In addition to all of the great tips here  on, Mapchick offers a very good  trip planning guide,

Packing list: Be sure and bring comfortable walking shoes, lots of sun tan lotion, extra electrical outlets (power strip), flashlight or small night light for the bathroom/ Kantenah library. Turtle friendly flashlight if you’re going during turtle season.

Boatchick: Don’t over pack! This is from experience. Create a lot of mix and match outfits.Laughing about “Lost in Paradise” That was me in 2004, our first trip. (Me too – Anne) Bubba Mugs:  On EBay, at Walmart, on Amazon, at Canadian Tire.

From Holger Germany 

Ala cartes  are unlimited for all guests. There are no reservations so just arrive and if there is a table available you will be seated or you will be given a beeper and will be beeped when a table is available. Royal Guests and Imperial guests may reserve. The beach BBQ, Punta Emilia seafood restaurant and Sumptuori show table require a reservation the day before. We used to suggest going before 7 pm or after 9. When we were there in February 2013 the resort was full and people were lining up early so I guess you’ll have to play it based on resort capacity.

Dress code has been relaxed

dress code for men

Note parties  more than ten must book ala cartes with Guest Services and have a set menu.

If you like seafood, suggest booking the Punta Emilia seafood restaurant.

Also ask if they have the seafood special in Mare Nostrum. The two most popular restaurants are the Japanese (show table) and El Dorado (steakhouse).

Paella is served on the Colonial beach Sundays at noon (weather permitting) and they have live music

There is a beach BBQ now  on Wednesdays and Fridays. (changes)Booking  the day before. Check bulletin boards for changes

Each buffet has a grilling station where you can get something grilled to order. Look for the little signs describing the selections. Tell the chef what you would like and he will get a fresh piece out of the fridge and grill it for you. Usually there are three or four kinds of fish, chicken, steak, pork and more.

 You can also have custom made omelets in the morning and there is now a Panini station for breakfast and lunch. Don’t miss the evening crepes.

The fridge is inside a cabinet below the TV. It is stocked daily by a fridge person (not housekeeping). Some suggest leaving the cabinet door open to keep the fridge cool. If you need supplies leave a note inside the fridge with a small tip.

If you need coffee supplies, leave a note with a sample (in Spanish)with the tip for the housekeeper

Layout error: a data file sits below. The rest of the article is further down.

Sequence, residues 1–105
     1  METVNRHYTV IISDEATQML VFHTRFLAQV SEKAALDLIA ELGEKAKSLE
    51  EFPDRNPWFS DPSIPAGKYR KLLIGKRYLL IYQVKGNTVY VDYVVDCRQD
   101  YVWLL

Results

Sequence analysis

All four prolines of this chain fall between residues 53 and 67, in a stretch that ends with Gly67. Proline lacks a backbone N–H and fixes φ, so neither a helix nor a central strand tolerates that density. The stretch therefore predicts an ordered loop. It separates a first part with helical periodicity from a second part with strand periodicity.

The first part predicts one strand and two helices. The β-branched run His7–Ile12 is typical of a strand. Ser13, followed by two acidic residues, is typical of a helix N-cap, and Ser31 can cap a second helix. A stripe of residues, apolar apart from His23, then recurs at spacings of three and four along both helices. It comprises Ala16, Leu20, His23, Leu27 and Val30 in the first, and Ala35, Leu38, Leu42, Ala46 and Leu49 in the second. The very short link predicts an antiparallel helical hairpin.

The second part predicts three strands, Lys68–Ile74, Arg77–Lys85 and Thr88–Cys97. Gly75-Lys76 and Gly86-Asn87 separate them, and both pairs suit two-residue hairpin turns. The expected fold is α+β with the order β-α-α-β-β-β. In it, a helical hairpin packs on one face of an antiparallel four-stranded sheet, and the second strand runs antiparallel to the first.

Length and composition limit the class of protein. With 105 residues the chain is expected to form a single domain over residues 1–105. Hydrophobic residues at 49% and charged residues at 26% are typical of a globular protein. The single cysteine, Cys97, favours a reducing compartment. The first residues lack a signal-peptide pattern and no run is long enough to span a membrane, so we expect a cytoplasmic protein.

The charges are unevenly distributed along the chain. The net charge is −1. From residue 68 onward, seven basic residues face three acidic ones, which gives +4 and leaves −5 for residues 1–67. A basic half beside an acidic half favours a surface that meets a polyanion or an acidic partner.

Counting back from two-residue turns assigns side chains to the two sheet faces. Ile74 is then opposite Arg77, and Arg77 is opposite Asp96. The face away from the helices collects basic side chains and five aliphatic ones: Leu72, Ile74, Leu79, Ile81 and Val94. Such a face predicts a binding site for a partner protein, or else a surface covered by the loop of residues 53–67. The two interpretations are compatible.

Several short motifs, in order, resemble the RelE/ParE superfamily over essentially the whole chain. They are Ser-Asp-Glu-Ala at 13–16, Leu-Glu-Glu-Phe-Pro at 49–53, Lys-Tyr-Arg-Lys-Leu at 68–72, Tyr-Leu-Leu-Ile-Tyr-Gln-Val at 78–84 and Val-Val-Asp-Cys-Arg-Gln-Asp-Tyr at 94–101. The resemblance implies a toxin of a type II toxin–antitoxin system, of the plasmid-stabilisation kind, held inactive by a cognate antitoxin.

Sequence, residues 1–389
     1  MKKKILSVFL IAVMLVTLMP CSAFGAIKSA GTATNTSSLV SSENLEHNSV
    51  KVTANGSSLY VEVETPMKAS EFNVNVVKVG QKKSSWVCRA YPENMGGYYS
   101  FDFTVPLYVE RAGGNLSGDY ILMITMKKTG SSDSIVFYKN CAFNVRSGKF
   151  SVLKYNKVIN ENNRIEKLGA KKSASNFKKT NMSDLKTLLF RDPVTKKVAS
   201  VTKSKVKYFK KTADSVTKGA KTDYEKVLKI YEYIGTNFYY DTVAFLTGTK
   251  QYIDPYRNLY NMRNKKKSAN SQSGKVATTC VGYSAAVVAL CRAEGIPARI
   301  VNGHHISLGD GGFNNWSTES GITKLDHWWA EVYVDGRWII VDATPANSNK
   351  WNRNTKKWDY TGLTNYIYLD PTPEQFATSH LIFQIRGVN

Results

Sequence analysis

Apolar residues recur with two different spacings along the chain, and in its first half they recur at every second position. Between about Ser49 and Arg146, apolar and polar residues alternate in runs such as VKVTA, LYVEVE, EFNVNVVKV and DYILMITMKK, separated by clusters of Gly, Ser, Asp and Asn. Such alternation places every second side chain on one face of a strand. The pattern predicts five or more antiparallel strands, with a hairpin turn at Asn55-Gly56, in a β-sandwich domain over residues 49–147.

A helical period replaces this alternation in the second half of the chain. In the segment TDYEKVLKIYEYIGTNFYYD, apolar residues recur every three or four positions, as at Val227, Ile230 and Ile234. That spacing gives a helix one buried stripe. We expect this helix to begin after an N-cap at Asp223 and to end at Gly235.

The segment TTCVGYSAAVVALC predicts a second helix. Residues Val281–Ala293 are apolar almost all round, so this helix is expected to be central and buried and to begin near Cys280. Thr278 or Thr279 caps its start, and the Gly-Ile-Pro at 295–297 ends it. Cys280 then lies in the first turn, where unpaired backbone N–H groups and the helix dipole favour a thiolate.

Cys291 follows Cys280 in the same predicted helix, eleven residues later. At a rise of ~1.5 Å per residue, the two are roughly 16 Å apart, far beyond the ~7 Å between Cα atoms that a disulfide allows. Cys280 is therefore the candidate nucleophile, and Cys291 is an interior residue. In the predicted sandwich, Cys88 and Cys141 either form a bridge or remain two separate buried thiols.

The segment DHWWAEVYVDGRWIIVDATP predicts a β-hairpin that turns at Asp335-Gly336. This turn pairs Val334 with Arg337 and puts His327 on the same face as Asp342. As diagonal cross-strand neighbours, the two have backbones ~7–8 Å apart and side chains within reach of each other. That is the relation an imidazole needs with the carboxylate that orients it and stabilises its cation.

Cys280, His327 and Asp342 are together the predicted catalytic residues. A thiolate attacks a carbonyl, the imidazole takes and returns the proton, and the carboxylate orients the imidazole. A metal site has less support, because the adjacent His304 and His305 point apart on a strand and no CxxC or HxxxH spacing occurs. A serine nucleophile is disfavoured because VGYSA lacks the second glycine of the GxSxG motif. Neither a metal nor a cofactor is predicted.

Guest Services sit at tables in the lobbies. They open at 8am In Colonial I saw people lining up at 7:30 am. I did not have a wait when I went by one evening to make reservations.

On site activities: Schedules are posted on bulletin boards outside of the buffets and in the theaters. Also: you will be given a kids club schedule at check in.

 Segway tours for a fee – sign up at Colonial pool.

 Aqua Excursions is on site to manage the water sports, snorkeling and dive tours and more.

 Off site activities

There are a number of off site activities for you to review. Some of these do offer transportation for an extra charge. The resort is in a great location so many of these things can be reached easily via colectivo or taxi if you feel comfortable getting there on your own. Colectivos (public van) for 20 – 30 pesos per person. There is also a taxi chart on this page. I would review some of these and see what interests your family.

I agree about having your own snorkel gear if you like to snorkel. I would either bring it or buy some at WalMart when there.

Another suggestion is to order one of Laura’s Riviera Maya maps. they are fabulous guides.

XPLOR is close at KM 282 off highway 307. Palladium is at KM 256 on the same highway. Walk outside the gate and take a colectivo from the bus stop on the same side as the Palladium to go north. Tell the driver where you are going and keep an eye out. He will stop at Xplor for you.

Tips from our members:

Doug UK: A useful tip for European travellers. The sockets in the rooms also support 2 round pin plugs but NOT UK plugs. Infact the clock radio in the room has a 2 pin round plug. plug

Lokes: Bring a flashight for the room and the jungle at night.

Tummy Issues: These can occur for many reasons. The resort takes the utmost care in food handling and safety and consistently wins the Distintivo H award from the government.

For those who are unused to consuming coconut, use it sparingly (some drinks contain coconut, i.e. pena coladas) as it can cause tummy problems, ie it is a laxative. Drink lots of bottled water. Wash hands frequently, i.e. use hand sanitizer before eating in buffets Use plentiful limes. Fernet liquor, aka jagermeister helps with tummy issues. I always use a probiotic before going, good bacteria also found in yogurt Avoid too much sun – hydrate (wear a hat) Others use Pepto Bismal.